Share Name Share Symbol Market Type Share ISIN Share Description
Accsys Technologies Plc LSE:AXS London Ordinary Share GB00BQQFX454 ORD EUR0.05
  Price Change % Change Share Price Shares Traded Last Trade
  0.00 0.00% 110.00 846 09:44:47
Bid Price Offer Price High Price Low Price Open Price
109.50 110.50 0.00 0.00 0.00
Industry Sector Turnover (m) Profit (m) EPS - Basic PE Ratio Market Cap (m)
Construction & Materials 64.78 -6.62 -4.31 130
Last Trade Time Trade Type Trade Size Trade Price Currency
08:02:08 O 128 109.73 GBX

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Date Time Title Posts
25/6/201922:27Accsys (Placing 26/10/05)1,589
30/7/201312:25Accsys recovery Ђ100m profit potential (daily mail)123
05/6/200708:52Accsys with Charts & News2
14/5/200722:55Accsys - 390% in 20 Months-
02/2/200709:21AXS Test3

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Accsys Technologies Daily Update: Accsys Technologies Plc is listed in the Construction & Materials sector of the London Stock Exchange with ticker AXS. The last closing price for Accsys Technologies was 110p.
Accsys Technologies Plc has a 4 week average price of 108p and a 12 week average price of 108p.
The 1 year high share price is 124p while the 1 year low share price is currently 90.60p.
There are currently 117,988,305 shares in issue and the average daily traded volume is 202,440 shares. The market capitalisation of Accsys Technologies Plc is £129,787,135.50.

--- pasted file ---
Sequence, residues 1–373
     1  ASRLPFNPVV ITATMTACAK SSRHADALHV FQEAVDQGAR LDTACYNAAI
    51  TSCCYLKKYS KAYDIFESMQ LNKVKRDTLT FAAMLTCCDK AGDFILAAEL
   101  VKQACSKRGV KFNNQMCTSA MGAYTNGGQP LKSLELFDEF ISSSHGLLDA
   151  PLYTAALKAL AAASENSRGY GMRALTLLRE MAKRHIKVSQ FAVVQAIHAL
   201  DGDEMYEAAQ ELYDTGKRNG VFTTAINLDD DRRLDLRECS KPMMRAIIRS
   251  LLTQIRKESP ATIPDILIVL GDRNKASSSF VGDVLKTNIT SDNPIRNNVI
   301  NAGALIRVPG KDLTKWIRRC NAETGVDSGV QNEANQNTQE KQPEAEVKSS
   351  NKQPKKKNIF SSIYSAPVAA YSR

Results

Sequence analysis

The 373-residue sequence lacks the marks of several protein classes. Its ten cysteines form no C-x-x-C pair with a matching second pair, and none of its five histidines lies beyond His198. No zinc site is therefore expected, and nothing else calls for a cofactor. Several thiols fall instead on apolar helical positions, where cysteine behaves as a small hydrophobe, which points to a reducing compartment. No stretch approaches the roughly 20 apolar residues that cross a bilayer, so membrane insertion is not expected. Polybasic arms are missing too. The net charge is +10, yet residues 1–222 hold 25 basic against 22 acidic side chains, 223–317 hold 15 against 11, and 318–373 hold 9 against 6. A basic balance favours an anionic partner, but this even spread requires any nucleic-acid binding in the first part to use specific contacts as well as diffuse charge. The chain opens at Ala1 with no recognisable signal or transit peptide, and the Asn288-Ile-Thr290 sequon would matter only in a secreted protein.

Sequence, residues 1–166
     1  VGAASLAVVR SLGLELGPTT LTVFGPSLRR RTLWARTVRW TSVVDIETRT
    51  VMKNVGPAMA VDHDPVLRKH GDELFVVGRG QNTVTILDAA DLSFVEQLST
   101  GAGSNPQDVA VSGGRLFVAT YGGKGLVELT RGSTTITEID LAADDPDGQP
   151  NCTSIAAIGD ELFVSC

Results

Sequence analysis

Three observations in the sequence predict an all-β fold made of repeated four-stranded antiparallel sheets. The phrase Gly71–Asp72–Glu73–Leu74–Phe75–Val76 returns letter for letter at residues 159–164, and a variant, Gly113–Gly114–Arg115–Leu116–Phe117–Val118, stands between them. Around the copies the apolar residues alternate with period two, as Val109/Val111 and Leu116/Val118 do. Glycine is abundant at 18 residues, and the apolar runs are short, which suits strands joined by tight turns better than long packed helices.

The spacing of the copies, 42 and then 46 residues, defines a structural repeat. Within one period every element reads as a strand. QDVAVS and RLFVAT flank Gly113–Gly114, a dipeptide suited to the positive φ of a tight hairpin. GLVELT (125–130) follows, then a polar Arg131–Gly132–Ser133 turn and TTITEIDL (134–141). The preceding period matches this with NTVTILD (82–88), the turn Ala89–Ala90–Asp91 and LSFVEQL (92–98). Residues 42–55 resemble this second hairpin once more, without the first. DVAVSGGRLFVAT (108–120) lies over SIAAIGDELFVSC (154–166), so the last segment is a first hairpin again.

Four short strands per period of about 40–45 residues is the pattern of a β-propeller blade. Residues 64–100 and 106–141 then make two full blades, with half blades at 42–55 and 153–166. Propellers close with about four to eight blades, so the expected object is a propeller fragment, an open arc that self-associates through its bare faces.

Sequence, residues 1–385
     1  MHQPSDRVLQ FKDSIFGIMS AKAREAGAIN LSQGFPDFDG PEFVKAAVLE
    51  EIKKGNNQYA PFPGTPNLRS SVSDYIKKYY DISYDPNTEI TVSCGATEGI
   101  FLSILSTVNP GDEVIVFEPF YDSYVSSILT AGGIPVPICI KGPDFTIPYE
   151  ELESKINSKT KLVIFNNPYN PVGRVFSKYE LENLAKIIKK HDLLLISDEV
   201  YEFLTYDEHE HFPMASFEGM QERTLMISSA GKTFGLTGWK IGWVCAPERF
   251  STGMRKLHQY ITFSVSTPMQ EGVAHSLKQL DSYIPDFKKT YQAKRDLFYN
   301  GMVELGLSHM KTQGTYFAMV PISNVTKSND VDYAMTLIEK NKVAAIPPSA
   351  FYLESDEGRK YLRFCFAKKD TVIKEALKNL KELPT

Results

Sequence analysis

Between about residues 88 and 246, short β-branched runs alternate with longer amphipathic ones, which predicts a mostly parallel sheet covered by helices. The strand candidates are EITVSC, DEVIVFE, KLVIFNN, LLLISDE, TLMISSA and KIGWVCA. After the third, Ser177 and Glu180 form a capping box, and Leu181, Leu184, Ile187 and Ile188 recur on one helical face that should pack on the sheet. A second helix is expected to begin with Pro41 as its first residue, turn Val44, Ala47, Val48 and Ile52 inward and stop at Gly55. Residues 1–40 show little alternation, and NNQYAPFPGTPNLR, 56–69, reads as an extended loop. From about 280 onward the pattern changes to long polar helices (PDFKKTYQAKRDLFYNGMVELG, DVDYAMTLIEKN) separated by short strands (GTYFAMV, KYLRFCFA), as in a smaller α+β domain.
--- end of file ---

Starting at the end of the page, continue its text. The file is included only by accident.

jadeticl3: Share price up more than 30% since July. Not a bad 5 months, what! Can this really continue, or should I take profit? I bought at 60p
this_is_me: Odd share price behaviour today.
07:24 Either way, the share price has drifted down by more than a third since the July 3 results. Down 14% in July, down 9.6% in August, down 14.5% in September.
caradog: I make that cash payment of 2.2 million the equivalent of 2.5 pence per share. Dreadful decision to terminate the contract, but the 7p drop in share price seems exaggerated.
brightontrader: I know from a technology company these results are fine, talking about burn rates, reduced losses, future deals that look promising etc, and all these things are very much like a software company creating sizzle to keep the share price up or the investment to keep rolling in. However, pouring a little cold water on the results, I created and run 2 successful (small) businesses, one a software company from 89-96 which floated on Nasdaq and latterly CustomWest Shutters which I have just sold to Hillarys, and both these companies produced real profits, had to, as to make real money eventually you need real profits and you cannot exit on dreams alone, people wake up from dreams... I am investing in this until next results then if I cannot see net profits I am out, and I wonder how many others will think this way.